Now, more about you, specifically, grandma. I don't remember our ever talking together about family history, about your growing up in Germany, about friends you left when you were very young, about your own mother. I think we were both shy. I didn't know enough to ask questions. I don't remember hugs. Your hugs came in other ways. I remember many stories about you, as I got older. ..How you came to this country with your husband, your father, and two small children. You were poor. Grandpa was a mason who found work as a brick layer. When I was in high school there were still streets remaining which he had helped pave. You may have worked as a maid on West Main Street where the rich people lived. I'm not sure of that. I know that's where you sister, Lizzie, worked. You must have felt very sad that your father, who had helped all of you come to this country, was not happy here. He died within a year or two. a heavy burden that must have been for you. I guess you were brave and strong. As it turned out, your, three daughters, Minnie, Lena, and Elizabeth were strong, too. They all met adversity with courage. I think some of that strength has gone to your grandchildren, and probably your great grandchildren, as well.

After you moved to a larger house on Elm Street where you were to live the rest of your life, you did laundry, sold sweet butter you churned yourself, and fresh eggs. You always saved your money. in some ways you were like the modern working woman of today who has her own bank account, separate from her husband. Only you kept the money you earned secreted away . In the early days I expect that money was desperately needed to keep food on the table. I learned that Grandpa had to return to Germany because of illness in his family. It was you who had the cash available to pay his way. In later years it was partly your money that paid for the business Grandpa bought which he turned into a profitable coal and builder's supply business. I know he started out with a horse and wagon, and later on added coal trucks. Then his son- in-laws added huge ready mix trucks to the fleet. There were times when recall your sitting at the kitchen table "checking off" each truck that pulled in at the end of the day.

Somewhere along the way after my mother's marriage and a succession of pregnancies, you put together the money and arranged an abortion for her with your local family doctor ... secretly, of course. I don't know how often you sent money to us during our own hard times, but I think it was fairly often. Which reminds me that you also helped my mother get away from home (today we call it "moving out") when she was only 14. 1 know it was because of stress between her and Grandpa, but I never understood what that was. You never mentioned it, and my mother didn't talk about it.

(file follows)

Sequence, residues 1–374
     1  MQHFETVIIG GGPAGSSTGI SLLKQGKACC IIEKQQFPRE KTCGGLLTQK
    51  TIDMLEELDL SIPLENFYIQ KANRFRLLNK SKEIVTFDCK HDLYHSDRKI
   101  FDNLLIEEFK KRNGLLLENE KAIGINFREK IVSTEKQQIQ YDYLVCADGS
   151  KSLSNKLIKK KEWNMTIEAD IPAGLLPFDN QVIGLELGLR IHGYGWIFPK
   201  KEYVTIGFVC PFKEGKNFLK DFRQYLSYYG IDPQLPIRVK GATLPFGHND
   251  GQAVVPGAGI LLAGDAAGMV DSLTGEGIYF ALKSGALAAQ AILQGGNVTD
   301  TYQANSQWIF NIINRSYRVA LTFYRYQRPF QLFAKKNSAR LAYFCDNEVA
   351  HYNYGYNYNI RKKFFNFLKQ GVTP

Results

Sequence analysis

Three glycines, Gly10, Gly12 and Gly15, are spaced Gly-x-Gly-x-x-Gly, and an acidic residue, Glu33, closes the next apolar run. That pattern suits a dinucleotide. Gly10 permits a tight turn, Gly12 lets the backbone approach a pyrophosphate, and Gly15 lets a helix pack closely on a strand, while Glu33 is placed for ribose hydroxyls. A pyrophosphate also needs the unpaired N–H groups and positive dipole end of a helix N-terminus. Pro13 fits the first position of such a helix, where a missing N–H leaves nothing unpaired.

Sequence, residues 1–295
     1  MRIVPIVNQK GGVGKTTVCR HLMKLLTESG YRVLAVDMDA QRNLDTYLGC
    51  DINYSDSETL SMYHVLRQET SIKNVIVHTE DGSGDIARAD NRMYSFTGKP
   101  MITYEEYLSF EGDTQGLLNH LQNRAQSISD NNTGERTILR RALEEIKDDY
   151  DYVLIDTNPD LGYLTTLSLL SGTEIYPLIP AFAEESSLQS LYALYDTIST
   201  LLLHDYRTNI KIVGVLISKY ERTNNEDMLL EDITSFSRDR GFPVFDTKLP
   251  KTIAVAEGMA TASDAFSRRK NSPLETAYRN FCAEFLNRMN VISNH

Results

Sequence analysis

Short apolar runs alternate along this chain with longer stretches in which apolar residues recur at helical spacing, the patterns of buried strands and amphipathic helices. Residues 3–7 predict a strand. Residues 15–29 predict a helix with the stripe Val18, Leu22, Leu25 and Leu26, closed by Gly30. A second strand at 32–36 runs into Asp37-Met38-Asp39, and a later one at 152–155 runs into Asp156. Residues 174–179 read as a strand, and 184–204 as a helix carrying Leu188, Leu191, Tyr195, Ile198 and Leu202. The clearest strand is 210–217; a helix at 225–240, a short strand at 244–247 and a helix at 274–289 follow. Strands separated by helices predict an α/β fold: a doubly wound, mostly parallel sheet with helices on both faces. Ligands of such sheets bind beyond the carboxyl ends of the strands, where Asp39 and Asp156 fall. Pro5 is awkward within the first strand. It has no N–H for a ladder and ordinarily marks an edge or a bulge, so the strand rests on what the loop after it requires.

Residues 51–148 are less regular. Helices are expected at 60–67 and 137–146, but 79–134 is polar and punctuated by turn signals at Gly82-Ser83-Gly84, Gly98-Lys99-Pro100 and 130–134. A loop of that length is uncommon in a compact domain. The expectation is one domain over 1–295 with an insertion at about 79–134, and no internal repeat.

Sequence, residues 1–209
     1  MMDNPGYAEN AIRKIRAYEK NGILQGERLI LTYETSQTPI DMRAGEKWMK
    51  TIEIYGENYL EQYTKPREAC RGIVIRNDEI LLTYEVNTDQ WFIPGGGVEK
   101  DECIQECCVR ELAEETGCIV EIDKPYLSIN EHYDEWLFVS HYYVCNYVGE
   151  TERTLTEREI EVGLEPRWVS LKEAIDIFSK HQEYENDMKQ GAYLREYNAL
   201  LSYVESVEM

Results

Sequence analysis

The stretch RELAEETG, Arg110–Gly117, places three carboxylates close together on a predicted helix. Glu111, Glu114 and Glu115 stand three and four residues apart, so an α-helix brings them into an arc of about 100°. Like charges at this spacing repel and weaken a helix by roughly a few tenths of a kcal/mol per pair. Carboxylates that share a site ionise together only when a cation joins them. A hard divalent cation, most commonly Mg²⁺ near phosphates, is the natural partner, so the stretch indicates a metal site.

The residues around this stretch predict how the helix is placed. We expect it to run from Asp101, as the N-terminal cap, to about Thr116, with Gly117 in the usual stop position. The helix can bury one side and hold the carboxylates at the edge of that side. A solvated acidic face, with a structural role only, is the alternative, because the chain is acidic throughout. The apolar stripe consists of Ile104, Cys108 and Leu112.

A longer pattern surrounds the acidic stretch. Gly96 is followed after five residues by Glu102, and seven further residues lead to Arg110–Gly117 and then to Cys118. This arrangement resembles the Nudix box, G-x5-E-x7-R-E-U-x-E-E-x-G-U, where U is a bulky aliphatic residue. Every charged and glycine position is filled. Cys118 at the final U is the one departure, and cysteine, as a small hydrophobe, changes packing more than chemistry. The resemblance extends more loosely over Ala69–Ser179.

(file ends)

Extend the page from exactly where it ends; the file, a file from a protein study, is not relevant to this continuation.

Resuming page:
Through the years you and Aunt Minnie would put together wonderful Christmas boxes each year to mail to us ... there were some times when it was our main Christmas. It would have homemade sausage and fresh eggs for the parents, and toys or clothes for us. Aunt Lena would send us a box, too. Once, you sent a $10 gold piece carefully wrapped, so only mother would find it. I don't know how many times you sent money or loaned it to us during hard times, but I think it was fairly often. All those things you did were much bigger than hugs ... I thank you for being such a loving, giving person, really very loyal. When mother, Annabeth, and I came to live in Norwalk during the depression after my parents separated, you helped in many ways, chiefly by bringing food you had grown, canned, or kept in cold storage during the winter. Mother and Minnie had a budget of $15 for setting the table for four adults and two children. Uncle Curt, hunted squirrel, rabbit, and deer, and caught fish which helped out, too. I learned about work connected with food supplying too. I got roped in to picking straw berries and raspberries, and pitting cherries (ug, how I hated that).. and shelling peas and lima beans, and husking corn. Now I'd love to taste all that fresh, home-grown stuff. You were always talking about preparing for the long, hard winter ahead. (I used to wonder if there was such a thing as a short, easy winter). As I've learned more about your background, I have a better understanding about the importance of food. You and your family must have experienced really hard times in Germany. I wish we might have talked about that.